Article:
Parents and Teachers Talking Together – half day, or one and a half days for train-the-trainer
Learn how to facilitate—or engage in—a dialogue between the two groups who know what’s best for students: parents and teachers. Together, we will discuss what we want for students and develop an action plan to make it happen. This can be a train-the-trainer workshop or a facilitated event. This training promotes wonderful discussion between parents and educators, and helps everyone involved work together for the good of students.[divider]
Authentic Parent Engagement – one day
Research shows parents will be involved when they a) know they should be b) understand they are capable and c) feel welcome. A training-of-trainers event for school or district teams which include, but are not limited to: district/school parent liaisons, administrators, front office staff, school FRYSC directors, program coordinators, and anyone working directly to engage parents/families or have interaction with parents. This full day of training comes with a comprehensive manual full of information to use to engage parents, and covers the following: parent involvement research and law, how to make parents welcome, understanding social assumptions and making families aware of what they can offer the school, and building home/school relationships.[divider]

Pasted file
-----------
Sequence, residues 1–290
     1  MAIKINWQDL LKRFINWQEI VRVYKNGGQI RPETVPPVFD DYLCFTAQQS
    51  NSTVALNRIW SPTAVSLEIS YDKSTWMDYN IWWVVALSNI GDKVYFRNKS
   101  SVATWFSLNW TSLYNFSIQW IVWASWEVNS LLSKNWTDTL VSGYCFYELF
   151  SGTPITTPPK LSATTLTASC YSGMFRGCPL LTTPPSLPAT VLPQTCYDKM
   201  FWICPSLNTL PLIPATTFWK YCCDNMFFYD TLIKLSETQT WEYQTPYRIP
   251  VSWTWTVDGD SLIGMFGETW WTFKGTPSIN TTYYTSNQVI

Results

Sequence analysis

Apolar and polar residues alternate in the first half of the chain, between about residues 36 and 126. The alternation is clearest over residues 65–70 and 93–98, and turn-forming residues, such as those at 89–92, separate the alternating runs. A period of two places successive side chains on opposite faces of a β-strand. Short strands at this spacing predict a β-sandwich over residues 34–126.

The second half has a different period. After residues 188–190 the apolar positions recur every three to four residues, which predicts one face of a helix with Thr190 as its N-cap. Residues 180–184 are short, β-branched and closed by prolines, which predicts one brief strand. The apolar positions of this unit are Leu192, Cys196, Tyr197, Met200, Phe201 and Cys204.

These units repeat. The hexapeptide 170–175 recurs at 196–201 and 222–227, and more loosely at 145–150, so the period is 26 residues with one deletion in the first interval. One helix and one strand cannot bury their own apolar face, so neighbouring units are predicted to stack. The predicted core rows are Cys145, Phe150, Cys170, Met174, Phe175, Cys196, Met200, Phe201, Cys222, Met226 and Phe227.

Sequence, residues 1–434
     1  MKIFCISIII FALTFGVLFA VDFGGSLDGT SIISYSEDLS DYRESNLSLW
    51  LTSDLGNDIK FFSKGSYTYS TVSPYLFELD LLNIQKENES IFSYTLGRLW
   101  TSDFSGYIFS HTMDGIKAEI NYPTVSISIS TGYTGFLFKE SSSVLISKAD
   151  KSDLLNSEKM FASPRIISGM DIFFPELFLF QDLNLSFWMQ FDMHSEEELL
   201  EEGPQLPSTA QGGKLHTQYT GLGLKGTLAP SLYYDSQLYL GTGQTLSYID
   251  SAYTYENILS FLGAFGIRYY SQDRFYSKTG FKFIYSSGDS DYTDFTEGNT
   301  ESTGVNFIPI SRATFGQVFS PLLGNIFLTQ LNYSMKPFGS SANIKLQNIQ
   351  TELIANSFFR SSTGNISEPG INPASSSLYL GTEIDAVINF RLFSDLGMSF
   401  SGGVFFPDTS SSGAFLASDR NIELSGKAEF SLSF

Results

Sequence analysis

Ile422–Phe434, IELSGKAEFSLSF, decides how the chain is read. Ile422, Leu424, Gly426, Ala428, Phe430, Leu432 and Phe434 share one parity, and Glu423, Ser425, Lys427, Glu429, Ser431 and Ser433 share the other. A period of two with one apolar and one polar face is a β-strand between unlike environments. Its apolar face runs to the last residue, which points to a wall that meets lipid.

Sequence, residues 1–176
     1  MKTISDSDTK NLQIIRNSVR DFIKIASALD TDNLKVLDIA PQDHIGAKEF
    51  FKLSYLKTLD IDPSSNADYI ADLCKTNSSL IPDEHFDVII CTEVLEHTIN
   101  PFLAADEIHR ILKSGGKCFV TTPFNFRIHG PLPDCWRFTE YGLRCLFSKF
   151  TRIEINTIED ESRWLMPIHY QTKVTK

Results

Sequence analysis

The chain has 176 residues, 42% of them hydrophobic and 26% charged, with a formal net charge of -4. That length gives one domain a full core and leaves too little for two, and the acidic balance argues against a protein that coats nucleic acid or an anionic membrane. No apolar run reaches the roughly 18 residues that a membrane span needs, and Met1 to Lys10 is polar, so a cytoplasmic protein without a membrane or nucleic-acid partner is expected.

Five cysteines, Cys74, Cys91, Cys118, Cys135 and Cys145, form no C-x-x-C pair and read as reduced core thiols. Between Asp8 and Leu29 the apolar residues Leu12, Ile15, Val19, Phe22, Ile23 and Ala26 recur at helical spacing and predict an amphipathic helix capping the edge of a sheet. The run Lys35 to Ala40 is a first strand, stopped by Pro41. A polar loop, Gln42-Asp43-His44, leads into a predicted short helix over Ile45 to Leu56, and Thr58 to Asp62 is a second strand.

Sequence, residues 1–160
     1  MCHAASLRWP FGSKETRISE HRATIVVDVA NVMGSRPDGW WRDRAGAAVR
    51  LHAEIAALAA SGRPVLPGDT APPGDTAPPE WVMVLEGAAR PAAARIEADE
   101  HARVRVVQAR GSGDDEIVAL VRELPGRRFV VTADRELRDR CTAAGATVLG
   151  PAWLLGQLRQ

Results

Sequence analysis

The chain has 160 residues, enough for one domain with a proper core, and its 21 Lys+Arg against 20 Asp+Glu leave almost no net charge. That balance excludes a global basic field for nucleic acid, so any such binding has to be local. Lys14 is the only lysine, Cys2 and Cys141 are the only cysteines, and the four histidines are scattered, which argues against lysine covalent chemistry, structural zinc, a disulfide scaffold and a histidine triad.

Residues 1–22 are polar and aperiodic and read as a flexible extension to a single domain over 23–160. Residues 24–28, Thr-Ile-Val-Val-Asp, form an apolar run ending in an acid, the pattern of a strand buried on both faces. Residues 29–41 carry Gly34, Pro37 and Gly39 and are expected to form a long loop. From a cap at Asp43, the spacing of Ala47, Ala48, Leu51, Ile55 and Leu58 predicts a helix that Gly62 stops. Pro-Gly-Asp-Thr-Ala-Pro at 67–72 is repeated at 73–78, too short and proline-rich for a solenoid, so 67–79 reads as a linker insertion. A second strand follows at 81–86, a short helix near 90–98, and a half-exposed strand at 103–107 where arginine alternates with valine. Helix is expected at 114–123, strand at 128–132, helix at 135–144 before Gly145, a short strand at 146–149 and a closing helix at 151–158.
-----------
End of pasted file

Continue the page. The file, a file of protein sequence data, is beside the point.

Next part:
You’ve Got Style! Recognizing different learning styles – half day
Remember the teacher who made learning fun? He or she probably used instructional strategies closely related to your personal learning style. Learn how to determine your child’s learning style—and yours— and discover strategies you can use to help with the learning process.[divider]
What’s the Bottom Line? Focus on Achievement Gaps
Get to the bottom of the test-score story by disaggregating data and identifying which student groups are best served and which are least served. Understand the inequity and decide how to address it.[divider]
How to Get Along with Yourself and Other Difficult People
We’re all different…or are we? Each of us has our own personal behavioral style. Learn how to recognize others’ styles and identify ways to work together effectively.[divider]